Getting information from wrong sources
Statistics are not always appropriate for cybersecurity. For example, sometimes, a sudden jump in data breaches only reflects one big hack (e.g. Target) that impacted the total number of compromised records. At the same time many security incidents are never disclosed on public and therefore never get into any statistics. Many security consultants and analysts that can provide you with nicely written reports about the recent trends and statistics in cybersecurity. Quite often, however, these reports omit or fail to highlight the real risks, talking rather about marketing hype trends, such as Advanced Persistent Threat (APT) protection or Dark Web threat.

If you want to understand the latest trends on web application security for example – read bugtraq and vendor-neutral white papers about new vectors of web attacks. Talk to your local law enforcement agencies – they can share interesting experience about the latest cybercrime cases in your domain of activity about which infosec media will probably never write. Finally, visit websites like XSSposed and see how all modern WAFs are being by-passed on live websites of multinational companies.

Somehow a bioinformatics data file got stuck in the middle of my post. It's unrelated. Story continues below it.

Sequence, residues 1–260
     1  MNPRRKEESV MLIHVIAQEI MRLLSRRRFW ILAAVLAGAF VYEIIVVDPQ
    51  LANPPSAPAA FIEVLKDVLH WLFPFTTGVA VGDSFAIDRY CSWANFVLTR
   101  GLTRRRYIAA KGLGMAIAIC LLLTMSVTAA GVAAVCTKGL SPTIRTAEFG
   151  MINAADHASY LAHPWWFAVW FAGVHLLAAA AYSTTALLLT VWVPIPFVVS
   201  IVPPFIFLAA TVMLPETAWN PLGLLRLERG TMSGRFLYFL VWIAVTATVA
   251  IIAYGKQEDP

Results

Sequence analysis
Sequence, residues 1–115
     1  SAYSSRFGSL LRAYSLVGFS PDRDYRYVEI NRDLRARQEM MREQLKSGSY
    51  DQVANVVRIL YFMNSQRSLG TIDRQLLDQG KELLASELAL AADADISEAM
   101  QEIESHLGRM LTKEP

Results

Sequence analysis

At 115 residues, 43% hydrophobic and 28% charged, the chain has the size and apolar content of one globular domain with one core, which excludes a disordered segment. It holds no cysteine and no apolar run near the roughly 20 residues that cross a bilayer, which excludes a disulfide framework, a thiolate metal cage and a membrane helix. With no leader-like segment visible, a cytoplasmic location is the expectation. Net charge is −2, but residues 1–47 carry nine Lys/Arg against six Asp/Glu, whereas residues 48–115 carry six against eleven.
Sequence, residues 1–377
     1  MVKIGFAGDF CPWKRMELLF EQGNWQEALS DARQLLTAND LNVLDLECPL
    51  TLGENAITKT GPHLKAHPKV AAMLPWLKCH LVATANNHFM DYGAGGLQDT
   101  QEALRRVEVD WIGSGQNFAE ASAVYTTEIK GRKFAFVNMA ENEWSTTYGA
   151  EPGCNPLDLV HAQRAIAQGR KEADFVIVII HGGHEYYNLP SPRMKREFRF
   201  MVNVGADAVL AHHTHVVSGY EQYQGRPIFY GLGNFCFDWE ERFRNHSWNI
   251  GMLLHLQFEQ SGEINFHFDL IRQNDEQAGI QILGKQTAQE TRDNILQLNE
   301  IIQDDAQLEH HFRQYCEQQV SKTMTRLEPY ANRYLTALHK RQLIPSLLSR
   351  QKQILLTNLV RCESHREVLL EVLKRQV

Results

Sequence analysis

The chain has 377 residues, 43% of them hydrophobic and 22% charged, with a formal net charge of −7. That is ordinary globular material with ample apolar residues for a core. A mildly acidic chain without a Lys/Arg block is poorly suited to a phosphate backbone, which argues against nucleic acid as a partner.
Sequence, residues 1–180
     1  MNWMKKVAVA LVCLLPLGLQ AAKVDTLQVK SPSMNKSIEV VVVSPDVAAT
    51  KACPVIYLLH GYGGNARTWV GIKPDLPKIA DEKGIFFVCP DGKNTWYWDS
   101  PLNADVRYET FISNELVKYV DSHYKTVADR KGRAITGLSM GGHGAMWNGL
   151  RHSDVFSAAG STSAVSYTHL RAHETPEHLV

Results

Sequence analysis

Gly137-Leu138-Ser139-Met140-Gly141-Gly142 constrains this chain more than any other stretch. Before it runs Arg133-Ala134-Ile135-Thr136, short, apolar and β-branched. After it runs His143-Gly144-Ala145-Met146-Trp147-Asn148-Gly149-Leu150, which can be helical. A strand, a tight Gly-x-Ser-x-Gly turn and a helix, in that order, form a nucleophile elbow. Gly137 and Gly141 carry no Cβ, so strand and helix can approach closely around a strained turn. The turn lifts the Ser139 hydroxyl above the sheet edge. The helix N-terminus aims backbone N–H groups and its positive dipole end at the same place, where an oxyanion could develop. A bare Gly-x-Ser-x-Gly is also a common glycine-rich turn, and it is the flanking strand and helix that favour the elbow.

Perceiving security as a follow-up, not as a continuous process
Many large e-commerce companies tend to give priority to development of new functions, features, or products, completely forgetting about securing them before deployment. In the aggressive and highly-competitive business world it’s a pretty understandable approach – if your competitor will be the first company launching a new mobile platform – his shares will go up, while yours will go down.

However, think about the consequences if tomorrow your company will make a sensational headline about the biggest data-breach in your sector. Keep in mind that once stolen – your data will remain forever on the Black Market, and the losses you will incur may last many years, as you cannot predict when hackers will decide to launch targeted phishing campaign against your customers. Therefore, bear in mind that a data breach is something your company could have long-standing repercussions.


Ilia N. Kolochenko is the CEO and Founder of ImmuniWeb. Ilia is a member of Forbes Technology Council, and a contributor to CSO Online, SC Magazine UK, Dark Reading and Forbes magazines.